Monday, July 02, 2012


I was tempted to save this post on racial populism in the USA until Scissions Theoretical Weekends, but I decided to go with it today.  I just couldn't wait.  

While the analysis is overtly about the Cold War period of USA history, I think the lessons are more than applicable to populist movements of a racial nature today, and you and I know they exist.  There are numerous white supremacist populist groups  out there and there is the Tea Party.  The Tea Party is ostensibly not racist, but, well, I simply don't buy that the stream of racist populism doesn't run right on into and through the Tea Party.

Speaking of populism.  It is my belief that is what the Occupy Movement is also.  The Occupy movement is not a racial form of populism, although it has been subject to some infiltration by racial populists in the past.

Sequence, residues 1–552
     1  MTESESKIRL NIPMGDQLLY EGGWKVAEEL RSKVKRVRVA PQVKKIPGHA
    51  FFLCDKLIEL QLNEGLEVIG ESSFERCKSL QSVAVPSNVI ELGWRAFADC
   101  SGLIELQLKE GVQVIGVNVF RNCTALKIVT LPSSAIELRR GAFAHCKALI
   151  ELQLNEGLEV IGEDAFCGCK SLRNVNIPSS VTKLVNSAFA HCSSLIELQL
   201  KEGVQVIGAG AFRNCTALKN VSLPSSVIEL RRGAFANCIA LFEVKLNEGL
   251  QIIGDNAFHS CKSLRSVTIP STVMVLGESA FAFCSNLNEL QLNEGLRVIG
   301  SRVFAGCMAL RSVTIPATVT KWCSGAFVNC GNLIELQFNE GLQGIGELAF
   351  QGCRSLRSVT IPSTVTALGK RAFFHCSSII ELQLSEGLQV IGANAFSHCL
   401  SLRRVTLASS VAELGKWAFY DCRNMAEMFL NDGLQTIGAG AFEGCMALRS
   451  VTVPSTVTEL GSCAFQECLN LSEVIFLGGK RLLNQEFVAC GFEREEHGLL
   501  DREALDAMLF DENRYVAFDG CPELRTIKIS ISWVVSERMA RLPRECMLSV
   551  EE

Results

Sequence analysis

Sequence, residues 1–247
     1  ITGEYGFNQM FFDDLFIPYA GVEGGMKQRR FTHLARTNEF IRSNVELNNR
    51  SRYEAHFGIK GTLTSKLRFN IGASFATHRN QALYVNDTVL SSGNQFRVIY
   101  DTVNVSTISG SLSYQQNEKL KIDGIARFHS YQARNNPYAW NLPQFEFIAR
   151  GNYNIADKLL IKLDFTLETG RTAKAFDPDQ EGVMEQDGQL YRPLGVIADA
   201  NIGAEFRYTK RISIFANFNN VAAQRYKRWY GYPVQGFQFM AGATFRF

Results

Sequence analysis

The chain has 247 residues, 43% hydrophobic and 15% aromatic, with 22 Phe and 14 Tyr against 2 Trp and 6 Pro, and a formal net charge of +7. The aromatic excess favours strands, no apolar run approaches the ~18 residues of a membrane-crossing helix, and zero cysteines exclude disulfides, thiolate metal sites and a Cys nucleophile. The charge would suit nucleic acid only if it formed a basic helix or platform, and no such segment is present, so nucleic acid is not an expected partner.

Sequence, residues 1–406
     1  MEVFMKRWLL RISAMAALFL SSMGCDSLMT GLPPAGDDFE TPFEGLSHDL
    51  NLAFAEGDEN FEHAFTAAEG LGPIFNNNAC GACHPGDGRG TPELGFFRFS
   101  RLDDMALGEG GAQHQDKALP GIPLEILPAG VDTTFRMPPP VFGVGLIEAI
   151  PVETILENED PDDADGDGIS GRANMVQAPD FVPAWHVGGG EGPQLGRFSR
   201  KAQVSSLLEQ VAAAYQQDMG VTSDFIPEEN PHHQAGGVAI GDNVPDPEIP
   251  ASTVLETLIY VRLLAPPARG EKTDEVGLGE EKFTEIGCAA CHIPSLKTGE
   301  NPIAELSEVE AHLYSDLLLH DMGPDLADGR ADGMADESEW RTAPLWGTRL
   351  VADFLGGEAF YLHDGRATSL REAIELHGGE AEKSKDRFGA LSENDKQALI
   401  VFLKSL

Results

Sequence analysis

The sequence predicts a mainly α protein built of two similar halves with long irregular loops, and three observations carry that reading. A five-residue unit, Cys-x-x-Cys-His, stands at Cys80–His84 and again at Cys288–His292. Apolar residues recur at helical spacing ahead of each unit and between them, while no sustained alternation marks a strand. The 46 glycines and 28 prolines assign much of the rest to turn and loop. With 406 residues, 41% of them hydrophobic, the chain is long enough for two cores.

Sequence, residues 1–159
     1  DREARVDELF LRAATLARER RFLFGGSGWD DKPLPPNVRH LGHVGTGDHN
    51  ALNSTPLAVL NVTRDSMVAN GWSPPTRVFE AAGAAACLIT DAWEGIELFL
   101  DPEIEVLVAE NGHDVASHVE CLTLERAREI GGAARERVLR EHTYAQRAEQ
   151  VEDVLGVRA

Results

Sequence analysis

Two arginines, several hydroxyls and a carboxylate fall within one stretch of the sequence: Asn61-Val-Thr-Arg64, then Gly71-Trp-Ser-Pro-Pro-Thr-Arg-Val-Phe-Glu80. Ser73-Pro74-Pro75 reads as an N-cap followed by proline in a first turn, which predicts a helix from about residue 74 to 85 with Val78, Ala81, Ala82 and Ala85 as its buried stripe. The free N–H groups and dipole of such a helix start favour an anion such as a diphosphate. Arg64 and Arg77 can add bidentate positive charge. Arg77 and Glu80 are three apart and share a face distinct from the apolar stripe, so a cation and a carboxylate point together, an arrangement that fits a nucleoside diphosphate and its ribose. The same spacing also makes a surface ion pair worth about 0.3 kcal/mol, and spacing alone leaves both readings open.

Anyway, below we have a very informative piece taken from Lenin's Tomb, but via People of Color Organize.

The Problem of Racial Populism in Cold War America

racist populism The Problem of Racial Populism in Cold War America

In Southern US political traditions, populism has many valences.  Toward the end of the nineteenth century, there was a brief moment where populist political forces throughout the South seemed to be converging into an anticapitalist coalition.  Underlying this movement was the transition to capitalism in the Southern countryside.  Charles Post argues in his prize-winning history of The American Road to Capitalism that the US economy prior to the Civil War was an articulation of three modes of production: mercantile capital, petty commodity production, and slavery.  In this articulation, capitalism was the dominant mode of production, its imperatives shaping and determining the forms that the rival modes of production took; the relations between these modes of production also determined the forms of regional competition leading up to the Civil War.  Following the success of northeastern and midwestern industrial interests in the Civil War, the political power of capital was such that no restoration of pre-capitalist modes was possible.  Joseph Reidy’s history of the cotton plantations describes how the Depression of the 1870s forced Southern planters to convert themselves into an agrarian capitalist class.